Both had served in their positions for 12 years.
“I wish to express our deep appreciation to Justice Khampepe for her selfless service to the people of South Africa, for her commitment to the rule of law, the independence of the judiciary, for her role in strengthening our constitutional democracy during her term of office as a Justice of the Constitutional Court,” said Zondo in a statement.
Khampepe leaves behind a legal career stretching over 40 years, with her “main area of practice, for which she was renowned, [being] the defence of workers against unjust laws and unfair employment practices”.
Highlights of Khampepe’s career include her appointment by President Nelson Mandela as one of the Commissioners of the Truth and Reconciliation Commission in 1995. She also held an overview role in the elections in Zimbabwe and Uganda in 2004 and 2006, respectively.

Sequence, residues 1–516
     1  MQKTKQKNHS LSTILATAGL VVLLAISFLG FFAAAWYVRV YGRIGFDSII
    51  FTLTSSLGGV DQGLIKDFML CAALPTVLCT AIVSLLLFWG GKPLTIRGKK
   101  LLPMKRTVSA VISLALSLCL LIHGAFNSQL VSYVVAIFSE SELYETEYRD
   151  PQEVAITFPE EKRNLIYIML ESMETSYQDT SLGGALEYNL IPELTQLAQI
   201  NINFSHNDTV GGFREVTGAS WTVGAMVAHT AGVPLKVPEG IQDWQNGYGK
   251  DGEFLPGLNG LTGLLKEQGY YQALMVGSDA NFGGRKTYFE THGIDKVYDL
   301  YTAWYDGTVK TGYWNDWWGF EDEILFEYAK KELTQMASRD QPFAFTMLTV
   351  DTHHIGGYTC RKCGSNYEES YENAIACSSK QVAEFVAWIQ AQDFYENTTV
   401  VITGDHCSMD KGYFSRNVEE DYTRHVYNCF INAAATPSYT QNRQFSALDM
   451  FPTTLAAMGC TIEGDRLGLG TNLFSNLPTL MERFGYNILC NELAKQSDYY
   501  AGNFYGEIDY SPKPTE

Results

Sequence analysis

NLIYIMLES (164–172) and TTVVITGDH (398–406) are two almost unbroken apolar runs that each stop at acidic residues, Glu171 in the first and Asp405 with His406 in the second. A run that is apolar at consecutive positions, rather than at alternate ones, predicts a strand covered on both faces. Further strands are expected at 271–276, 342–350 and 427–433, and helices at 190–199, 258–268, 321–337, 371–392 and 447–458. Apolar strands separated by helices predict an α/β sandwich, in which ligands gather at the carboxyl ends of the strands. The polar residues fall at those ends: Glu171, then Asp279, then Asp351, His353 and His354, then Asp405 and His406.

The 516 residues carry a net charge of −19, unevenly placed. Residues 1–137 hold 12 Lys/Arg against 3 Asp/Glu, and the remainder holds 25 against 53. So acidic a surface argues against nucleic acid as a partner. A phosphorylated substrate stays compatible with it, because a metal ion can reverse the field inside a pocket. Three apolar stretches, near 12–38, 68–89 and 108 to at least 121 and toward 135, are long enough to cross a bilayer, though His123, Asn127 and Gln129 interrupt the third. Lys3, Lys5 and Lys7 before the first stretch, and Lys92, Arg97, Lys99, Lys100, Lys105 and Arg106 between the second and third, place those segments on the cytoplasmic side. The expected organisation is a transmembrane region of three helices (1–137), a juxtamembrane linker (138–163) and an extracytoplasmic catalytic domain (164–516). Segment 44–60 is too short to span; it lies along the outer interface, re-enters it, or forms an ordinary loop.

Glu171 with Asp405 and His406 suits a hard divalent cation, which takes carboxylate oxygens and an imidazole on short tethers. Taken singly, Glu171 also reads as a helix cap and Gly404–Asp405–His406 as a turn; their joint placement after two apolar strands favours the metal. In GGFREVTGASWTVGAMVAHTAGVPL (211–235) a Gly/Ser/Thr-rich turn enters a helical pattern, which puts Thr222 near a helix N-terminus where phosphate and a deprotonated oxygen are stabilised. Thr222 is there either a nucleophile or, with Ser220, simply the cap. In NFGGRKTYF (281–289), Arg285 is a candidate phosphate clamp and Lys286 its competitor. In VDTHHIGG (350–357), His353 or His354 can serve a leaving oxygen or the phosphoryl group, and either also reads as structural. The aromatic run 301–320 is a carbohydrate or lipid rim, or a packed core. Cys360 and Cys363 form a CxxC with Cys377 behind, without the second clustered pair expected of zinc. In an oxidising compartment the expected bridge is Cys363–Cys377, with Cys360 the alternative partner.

Khampepe’s tenure on the bench of the Constitutional Court “is marked and celebrated as a period during which she eloquently developed jurisprudence on the rights of women and children, and other vulnerable members of society”.
Most recently, Khampepe delivered the historical judgment sending former president Jacob Zuma to prison for 15 months for violating the authority of the court and repeatedly attacking the dignity of the judiciary.
Ending his term of office after 12 years at the apex court, Jafta was thanked by Zondo “for his contribution to the development of our law, for the service he rendered in various courts of our country and for his contribution to the promotion and protection of the independence of the judiciary”.
Following a legal career at the high court, labour appeal court and supreme court of appeal, Jafta was appointed as a judge at the Constitutional Court in October 2009.
“Justice Jafta has made a huge contribution to this country’s jurisprudence,” said Zondo’s statement.
The retirement of Khampepe and Jafta comes at the same time as that of Chief Justice Mogoeng Mogoeng, whose term ended in October.